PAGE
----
Neighbors

We live in a mixed neighborhood.  I don’t mean racially mixed, I mean economically mixed.

Semi-rural and poorly planned, tracts of desert scrub and arroyos connect a peculiar medley of expensive haciendas, manufactured homes and middleclass dwellings.

Hooray for diversity.

Since we are not a proper neighborhood, laid out on linear expanses of color-coordinated houses, I have spoken to only two neighbors: Sioux the Harley Driving Computer Specialist and Rainbow the Greenpeace Activist Geo-dome dweller. The others I know only by sight–the walkers who take constitutionals a few times a day.

Mr. D. is a little person who lives three houses up the street. He looks like Salvador Dali with dwarfism, but sporting a less flamboyant mustache. He’s married and has a beautiful twenty something daughter that drives a 1970ish turquoise Monte Carlo (I love her car!).

Three times a day, Mr. D. marches down the road, his oversized walking stick towering over him. I wonder if he was the one who painted it with colorful stripes and zigzags. I often spot him miles from home, in the heat of the day, stomping purposefully through the desert. As I whiz past him in my car, he never fails to wave. He also never smiles.

Oxygen Tank Man is also a walker. He confines himself to a two-block perimeter, which he promenades several times a day. His oxygen backpack seems improbably rugged for so frail a man. Some days he teeters more than others.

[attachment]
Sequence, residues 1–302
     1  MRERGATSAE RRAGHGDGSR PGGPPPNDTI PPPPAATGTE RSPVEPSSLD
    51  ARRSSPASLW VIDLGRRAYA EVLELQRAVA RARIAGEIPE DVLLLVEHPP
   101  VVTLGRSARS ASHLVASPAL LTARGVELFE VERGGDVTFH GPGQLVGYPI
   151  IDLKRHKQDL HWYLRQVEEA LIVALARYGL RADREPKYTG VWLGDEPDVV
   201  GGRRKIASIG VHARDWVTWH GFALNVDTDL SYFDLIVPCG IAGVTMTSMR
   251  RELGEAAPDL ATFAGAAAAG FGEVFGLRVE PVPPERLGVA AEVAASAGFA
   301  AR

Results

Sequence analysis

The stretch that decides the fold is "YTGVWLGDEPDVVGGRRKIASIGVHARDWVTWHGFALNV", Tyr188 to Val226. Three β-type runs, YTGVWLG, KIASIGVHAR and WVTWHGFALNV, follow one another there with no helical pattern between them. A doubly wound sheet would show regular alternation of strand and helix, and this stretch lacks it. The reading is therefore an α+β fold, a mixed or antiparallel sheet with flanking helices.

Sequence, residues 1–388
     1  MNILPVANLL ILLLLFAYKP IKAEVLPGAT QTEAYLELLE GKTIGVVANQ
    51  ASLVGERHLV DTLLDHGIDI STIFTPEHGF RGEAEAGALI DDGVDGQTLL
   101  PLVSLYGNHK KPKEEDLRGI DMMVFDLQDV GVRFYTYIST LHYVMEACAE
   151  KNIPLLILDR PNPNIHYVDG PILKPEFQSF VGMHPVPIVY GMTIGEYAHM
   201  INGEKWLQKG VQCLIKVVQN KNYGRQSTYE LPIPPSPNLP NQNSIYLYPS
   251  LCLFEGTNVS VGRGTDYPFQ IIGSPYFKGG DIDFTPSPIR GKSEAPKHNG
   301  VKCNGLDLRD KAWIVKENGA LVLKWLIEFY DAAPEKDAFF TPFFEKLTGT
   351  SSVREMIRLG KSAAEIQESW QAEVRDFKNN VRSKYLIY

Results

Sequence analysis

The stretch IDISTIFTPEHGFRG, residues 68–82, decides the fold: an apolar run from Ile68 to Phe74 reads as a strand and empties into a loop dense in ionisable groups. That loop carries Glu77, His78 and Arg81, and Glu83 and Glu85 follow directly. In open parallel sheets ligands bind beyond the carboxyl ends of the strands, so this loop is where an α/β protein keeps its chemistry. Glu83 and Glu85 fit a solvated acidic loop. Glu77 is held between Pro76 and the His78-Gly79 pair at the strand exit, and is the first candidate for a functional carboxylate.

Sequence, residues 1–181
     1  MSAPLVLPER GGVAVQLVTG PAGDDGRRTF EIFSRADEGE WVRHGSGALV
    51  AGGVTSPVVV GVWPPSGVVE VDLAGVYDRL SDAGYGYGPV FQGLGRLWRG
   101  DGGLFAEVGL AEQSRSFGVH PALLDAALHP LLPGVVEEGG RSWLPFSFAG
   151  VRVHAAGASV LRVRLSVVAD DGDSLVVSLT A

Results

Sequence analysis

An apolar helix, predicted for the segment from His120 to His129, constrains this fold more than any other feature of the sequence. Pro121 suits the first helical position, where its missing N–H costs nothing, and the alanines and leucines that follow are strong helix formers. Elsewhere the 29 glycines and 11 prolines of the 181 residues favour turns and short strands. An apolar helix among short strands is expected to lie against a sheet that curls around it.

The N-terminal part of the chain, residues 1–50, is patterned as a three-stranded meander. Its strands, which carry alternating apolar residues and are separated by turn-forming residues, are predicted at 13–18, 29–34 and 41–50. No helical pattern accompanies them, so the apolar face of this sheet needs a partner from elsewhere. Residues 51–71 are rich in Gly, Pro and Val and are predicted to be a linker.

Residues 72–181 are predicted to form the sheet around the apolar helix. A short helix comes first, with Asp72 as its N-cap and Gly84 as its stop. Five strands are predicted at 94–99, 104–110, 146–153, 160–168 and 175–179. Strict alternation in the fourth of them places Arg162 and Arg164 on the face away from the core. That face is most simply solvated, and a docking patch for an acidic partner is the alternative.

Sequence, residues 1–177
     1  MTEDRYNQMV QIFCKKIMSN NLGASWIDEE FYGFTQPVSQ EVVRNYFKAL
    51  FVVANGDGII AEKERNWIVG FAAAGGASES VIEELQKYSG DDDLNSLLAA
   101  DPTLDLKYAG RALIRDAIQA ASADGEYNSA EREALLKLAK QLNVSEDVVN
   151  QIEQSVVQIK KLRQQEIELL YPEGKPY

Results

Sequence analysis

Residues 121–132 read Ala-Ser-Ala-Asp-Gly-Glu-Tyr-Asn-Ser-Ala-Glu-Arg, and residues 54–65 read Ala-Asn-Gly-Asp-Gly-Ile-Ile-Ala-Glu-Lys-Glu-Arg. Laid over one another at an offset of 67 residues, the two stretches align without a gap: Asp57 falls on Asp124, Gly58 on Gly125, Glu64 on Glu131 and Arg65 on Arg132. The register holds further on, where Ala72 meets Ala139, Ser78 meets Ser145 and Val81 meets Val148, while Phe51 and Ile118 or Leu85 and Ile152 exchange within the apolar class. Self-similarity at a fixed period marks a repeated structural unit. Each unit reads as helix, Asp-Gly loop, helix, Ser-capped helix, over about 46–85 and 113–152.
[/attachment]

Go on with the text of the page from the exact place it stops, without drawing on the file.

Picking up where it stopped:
The first time I saw Oxygen Tank Man, I did a double take. “Werner Herzog!” my mind exclaimed. But no, that was just wishful thinking. His features are markedly Germanic, though. Anyway, Oxygen Tank Man keeps the neighborhood free of aluminum cans. Several times I have seen him stomp one flat and put it into his back pocket. He also never fails to wave. But he does smile–a big jolly grin that conveys warmth and sincerity.

Mr. D. and the Oxygen Tank Man don’t walk together, but I’m certain that they have exchanged innumerable waves. I think of them sometimes at night, walking and living their lives. I imagine Mr. D fiddling with his walking stick, refreshing his paint stripes.  Oxygen Tank man creates recycled-soda can dinosaurs which he donates to our modest Natural History Museum. Are we three alike, zooming remotely in our own private orbits?

This morning, I saw them talking together near a stop sign tipped by teenaged revelers. Overcome with excitement, I almost honked. Mr. D. was laughing and shaking his head. As I drove past, we all smiled and waved.

Happy, happy neighborhood!

I laughed, imagining they were planning a sequel to Even Dwarves Started Small. I’d cook the big lunch. Sioux could supply the motorcycle. Rainbow could even find us a one legged chicken from the animal sanctuary. Awesome!

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